WASHINGTON: After decades of steady improvements in air travel, a new report from the Federal Aviation Administration shows a surge in near-collisions between commercial airliners and drones.
Already this month, close calls have been reported from New Jersey to Kansas to Hawaii.
Since July 1, commercial airlines, private pilots and air-traffic controllers have reported 25 incidents to the FAA in which small drones came dangerously close to crashing into larger planes, according to the report.
Many of the calls happened during takeoff and landings at some of the nation’s busiest airports including New York’s LaGuardia Airport, Washington’s Reagan National Airport and Dulles International Airport in northern Virginia. The spike in near collisions presents a new threat to aviation safety after years of improvement, the report says.
In one case, air-traffic controllers at LaGuardia reported that Republic Airlines Flight 6230 was “almost hit” by a drone flying at an altitude of 4,000 feet as a passenger plane was trying to land.
On Sept.8, three different regional airlines – Express Jet, Chautauqua and Pinnacle – reported “very close calls” with a drone within minutes of each other as they were preparing to land at LaGuardia.
In many cases, the drones weigh less than 10 pounds, are plastic, have cameras and are measure just a few feet in diameter. Safety experts caution that the drones could get sucked into a jet engine or hit a plane’s propeller.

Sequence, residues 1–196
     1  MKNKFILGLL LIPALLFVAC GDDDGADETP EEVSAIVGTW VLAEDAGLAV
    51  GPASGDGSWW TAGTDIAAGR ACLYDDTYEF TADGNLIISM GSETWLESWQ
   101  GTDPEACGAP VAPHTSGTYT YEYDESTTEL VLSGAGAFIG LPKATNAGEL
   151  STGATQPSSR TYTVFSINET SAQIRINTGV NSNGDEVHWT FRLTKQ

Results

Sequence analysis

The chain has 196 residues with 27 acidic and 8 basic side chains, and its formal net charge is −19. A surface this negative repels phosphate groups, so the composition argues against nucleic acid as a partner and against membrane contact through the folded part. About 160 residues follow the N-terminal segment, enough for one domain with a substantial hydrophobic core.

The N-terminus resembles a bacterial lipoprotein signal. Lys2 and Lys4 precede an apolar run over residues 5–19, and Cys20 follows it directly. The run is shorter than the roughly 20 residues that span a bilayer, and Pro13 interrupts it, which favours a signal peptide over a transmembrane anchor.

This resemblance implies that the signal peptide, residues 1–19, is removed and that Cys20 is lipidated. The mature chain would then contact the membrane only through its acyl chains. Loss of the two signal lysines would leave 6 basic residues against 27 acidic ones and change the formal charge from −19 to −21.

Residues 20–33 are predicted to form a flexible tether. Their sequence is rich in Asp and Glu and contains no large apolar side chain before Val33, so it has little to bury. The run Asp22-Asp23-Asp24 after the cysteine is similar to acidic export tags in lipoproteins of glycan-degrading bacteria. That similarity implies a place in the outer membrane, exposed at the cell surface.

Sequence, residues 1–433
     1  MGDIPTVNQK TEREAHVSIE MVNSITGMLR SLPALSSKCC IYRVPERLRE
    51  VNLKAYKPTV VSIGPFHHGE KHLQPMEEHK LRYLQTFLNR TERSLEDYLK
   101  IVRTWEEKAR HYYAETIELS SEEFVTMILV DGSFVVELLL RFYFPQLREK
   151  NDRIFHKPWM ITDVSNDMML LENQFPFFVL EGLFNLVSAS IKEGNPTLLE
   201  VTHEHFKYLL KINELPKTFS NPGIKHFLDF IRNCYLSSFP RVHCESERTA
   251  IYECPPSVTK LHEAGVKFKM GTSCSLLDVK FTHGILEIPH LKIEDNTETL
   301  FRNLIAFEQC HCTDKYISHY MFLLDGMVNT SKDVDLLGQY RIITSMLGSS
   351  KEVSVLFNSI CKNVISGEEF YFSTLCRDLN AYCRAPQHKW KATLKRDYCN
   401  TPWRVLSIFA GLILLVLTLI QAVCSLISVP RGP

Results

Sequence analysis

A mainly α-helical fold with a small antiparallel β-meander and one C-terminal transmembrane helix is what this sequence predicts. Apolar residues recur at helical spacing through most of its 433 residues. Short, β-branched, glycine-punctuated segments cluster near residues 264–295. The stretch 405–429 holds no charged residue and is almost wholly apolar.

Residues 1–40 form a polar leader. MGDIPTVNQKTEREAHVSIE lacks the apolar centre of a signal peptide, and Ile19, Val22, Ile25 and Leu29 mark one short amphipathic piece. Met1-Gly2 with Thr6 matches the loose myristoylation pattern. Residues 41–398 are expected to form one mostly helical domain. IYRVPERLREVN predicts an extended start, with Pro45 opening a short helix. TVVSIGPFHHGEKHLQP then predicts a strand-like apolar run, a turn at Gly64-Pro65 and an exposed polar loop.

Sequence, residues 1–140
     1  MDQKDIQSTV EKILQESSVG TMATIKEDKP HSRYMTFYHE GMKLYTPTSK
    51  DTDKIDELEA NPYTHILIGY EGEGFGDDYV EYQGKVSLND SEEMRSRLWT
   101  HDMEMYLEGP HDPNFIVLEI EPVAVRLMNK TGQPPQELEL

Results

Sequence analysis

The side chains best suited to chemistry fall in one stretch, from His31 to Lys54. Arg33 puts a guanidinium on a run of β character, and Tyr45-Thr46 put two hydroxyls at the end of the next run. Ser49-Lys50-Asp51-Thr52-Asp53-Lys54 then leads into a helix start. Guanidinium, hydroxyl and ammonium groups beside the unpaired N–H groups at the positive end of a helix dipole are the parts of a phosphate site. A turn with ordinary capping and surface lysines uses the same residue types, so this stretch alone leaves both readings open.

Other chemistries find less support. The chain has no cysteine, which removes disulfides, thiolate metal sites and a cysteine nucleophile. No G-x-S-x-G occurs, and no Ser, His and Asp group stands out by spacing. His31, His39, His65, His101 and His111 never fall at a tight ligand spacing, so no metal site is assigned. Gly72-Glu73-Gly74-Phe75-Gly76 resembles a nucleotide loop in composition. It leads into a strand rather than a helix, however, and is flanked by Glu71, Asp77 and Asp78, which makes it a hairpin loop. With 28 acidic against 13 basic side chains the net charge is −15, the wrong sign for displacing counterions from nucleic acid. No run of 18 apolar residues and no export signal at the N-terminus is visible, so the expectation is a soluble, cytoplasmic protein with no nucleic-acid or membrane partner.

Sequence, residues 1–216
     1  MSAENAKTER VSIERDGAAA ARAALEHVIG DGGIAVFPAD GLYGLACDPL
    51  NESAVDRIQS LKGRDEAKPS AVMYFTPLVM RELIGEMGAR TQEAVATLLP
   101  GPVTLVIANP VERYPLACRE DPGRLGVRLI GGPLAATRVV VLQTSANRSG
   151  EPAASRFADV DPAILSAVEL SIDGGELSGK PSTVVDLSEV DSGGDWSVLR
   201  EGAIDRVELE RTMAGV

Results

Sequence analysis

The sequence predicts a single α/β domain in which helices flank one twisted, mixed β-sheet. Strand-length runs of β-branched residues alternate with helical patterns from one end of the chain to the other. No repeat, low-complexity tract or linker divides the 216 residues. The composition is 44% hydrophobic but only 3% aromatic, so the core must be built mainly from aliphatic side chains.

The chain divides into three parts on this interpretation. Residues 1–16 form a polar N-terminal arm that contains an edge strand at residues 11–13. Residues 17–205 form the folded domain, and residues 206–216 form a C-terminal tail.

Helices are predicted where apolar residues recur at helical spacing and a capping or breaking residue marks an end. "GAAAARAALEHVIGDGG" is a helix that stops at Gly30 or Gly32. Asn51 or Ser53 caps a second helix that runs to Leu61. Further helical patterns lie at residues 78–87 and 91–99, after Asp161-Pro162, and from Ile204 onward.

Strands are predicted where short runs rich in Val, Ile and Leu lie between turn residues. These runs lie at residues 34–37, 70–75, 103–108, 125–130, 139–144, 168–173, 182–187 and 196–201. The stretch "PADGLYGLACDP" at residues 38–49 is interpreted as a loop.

“The potential for catastrophic damage is certainly there,” Fred Roggero, a retired Air Force major general who was in charge of aviation safety investigations for the service and now serves as a consultant to companies seeking to fly drones commercially, told The Washington Post.
Under current FAA regulations, small drones are allowed to legally fly under 400 feet and five miles from major airports or other restricted airspace.
In 2012, Congress ordered the FAA to safely integrate drones into national airspace but the process has been slow and is expected to take several years.
The Washington Post reports that since 2012, the FAA has been struggling to keep up with the thousands of small drones that have been sold in the United States over the past three years. The FAA lacks the manpower to police airports for the drones and only a handful of them and their operators have been apprehended across the country, the paper reports.